Help and Support for Hearing Loss

and other ear conditions such as tinnitus, Meniere’s disease and hyperacusis. Information on causes of hearing loss. Assistive devices for hearing impaired people.

Hearing Aids Portland OR

Local resource for hearing aids in Portland. Includes detailed information on local businesses that provide access to audiologists, hearing tests, ear, nose and throat doctors, ear specialists and hearing devices, as well as advice and content on hearing loss resources and treatments.

Portland Ear Testing Center
(503) 227-3668
921 NW 18th Ave
Portland, OR
 
Pionear Hearing Aid Services
(503) 788-3577
Portland, OR
 
Audibel-Willoughby Hearing Aid Centers
(503) 968-6445
Portland, OR
 
Gresham Hearing Aid Center
(503) 408-0972
11919 NE Glisan St
Portland, OR
 
Metcalf Alison
(503) 227-5109
2222 NW Lovejoy St
Portland, OR
 
Clackamas Hearing Aid Center
(503) 659-6062
8301 SE Monterey Ave
Portland, OR
 
Costco Hearing Aid Center
(503) 258-3713
4849 NE 138th Ave
Portland, OR
 
Sonus
(503) 684-1583
15405 SW 116th Ave Ste 200
Portland, OR
 
Able Hearing Aid Center
(503) 239-8918
3443 SE 39th Ave
Portland, OR
 
Cascade Hearing Centers Inc
(503) 253-3131
12790 SE Stark St
Portland, OR
 

Which Is the Best Cell Phone for a Hard of Hearing Person?

Answers to Your Questions about Hearing Loss Issues  

by Neil Bauman, Ph.D.

A lady asked:

What is the best cell phone for a person with a hearing problem?

That question is impossible to answer because there are so many variables. Many of these variables are subjective—so only you can answer them. It is like asking people, “What is the best tasting food?” You will get all sorts of answers—some might say filet mignon, or angel-food cake or spinach or eggplant—and they would all be right—for that person.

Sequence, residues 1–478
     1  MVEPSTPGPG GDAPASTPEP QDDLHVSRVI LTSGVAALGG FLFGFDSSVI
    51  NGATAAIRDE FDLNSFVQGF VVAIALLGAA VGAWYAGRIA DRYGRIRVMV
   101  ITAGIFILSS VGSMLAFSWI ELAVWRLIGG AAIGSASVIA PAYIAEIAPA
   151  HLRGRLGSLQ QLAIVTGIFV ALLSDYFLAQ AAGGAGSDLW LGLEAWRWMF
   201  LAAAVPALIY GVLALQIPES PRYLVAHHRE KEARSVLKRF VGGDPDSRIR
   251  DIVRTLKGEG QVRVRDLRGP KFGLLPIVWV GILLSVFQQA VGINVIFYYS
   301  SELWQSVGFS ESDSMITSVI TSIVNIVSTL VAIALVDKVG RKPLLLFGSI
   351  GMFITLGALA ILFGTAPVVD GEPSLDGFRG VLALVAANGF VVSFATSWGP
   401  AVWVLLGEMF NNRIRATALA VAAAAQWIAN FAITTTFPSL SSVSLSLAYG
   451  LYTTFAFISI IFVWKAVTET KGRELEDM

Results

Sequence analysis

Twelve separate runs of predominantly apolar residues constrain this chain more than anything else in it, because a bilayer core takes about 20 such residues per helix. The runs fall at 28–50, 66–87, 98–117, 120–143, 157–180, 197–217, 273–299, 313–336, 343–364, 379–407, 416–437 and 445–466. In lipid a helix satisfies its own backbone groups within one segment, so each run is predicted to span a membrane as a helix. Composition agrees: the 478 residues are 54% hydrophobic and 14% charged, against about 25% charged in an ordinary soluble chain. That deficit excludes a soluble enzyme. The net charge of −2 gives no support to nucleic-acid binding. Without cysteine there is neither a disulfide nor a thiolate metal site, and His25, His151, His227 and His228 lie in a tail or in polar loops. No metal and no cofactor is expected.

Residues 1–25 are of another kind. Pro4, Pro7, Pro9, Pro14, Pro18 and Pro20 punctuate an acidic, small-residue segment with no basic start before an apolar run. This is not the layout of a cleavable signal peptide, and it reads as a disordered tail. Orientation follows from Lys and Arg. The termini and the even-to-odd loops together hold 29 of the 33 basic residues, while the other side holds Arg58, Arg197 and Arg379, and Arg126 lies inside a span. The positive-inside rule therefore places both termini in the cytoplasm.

Other variables are more objective—and depend on how you plan to couple the phone output to your ears. Thus, the answer to your question is “It depends…”

It depends on your likes and dislikes.

It depends on whether you wear hearing aids, or want to use the phone with your bare ears.

It depends on the degree of you hearing loss.

It depends on the shape of your hearing loss curve.

It depends on your word recognition (discrimination) scores.

It depends whether you are a techno-geek and like lots of “goodies”, or want a plain simple cell phone.

It depends on whether you need texting capabilities, or just normal phone service.

It depends on whether you are going to be using the phone in noise, or just in quiet places.

It depends on your own personal subjective feelings of what sounds good to you. Phones vary in the quality of their sound.

It depends on what features you need in a cell phone and those you would like to have.

I could go on and on, but I think you get the idea.

Personally, here are the key things I look for in a cell phone.

1. Loud volume (although no phone has the volume I need).

2. Bluetooth connection.

3. Headset jack—hopefully standard 2.5 mm jack.

4. M4/T4 rating.

Items 2 and 3 are necessary if you want to connect your phone to your hearing aids.

Item 4 is necessary so the phone doesn’t cause interference in your hearing aids...

Click here to read more from The Center for Hearing Loss Help